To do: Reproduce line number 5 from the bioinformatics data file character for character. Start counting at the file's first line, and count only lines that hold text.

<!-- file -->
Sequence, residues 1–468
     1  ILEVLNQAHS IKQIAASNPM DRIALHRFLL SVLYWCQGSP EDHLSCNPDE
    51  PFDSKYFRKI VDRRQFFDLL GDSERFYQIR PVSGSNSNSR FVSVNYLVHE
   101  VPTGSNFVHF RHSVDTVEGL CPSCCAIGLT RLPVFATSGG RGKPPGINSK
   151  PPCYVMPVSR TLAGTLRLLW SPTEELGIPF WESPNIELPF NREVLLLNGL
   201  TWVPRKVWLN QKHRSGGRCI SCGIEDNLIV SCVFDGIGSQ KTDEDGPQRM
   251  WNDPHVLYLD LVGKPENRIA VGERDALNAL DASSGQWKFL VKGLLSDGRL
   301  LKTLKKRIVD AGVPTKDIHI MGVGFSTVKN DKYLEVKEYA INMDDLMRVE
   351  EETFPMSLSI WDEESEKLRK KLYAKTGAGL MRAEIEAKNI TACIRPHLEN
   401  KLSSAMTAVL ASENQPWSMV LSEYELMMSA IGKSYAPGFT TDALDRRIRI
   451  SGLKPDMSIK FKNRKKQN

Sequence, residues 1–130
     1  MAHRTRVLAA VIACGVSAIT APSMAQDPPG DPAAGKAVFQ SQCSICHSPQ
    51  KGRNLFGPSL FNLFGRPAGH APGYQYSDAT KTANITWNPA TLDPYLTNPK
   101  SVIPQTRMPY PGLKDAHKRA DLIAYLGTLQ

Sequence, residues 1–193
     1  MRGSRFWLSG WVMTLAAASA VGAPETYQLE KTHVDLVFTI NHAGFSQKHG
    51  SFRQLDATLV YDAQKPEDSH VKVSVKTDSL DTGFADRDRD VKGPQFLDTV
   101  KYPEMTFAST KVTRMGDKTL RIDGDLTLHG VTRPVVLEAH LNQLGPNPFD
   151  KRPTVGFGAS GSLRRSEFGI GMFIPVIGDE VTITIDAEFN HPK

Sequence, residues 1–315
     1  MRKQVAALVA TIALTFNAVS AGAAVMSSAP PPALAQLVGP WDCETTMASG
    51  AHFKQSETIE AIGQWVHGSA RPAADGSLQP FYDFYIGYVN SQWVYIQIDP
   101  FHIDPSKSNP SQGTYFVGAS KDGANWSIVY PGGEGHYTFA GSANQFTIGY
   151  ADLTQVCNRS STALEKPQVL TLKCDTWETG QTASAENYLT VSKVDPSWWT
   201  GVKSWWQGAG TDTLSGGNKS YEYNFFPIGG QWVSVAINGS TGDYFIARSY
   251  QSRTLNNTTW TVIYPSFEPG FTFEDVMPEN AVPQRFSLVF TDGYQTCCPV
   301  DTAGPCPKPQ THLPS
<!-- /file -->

   151  PPCYVMPVSR TLAGTLRLLW SPTEELGIPF WESPNIELPF NREVLLLNGL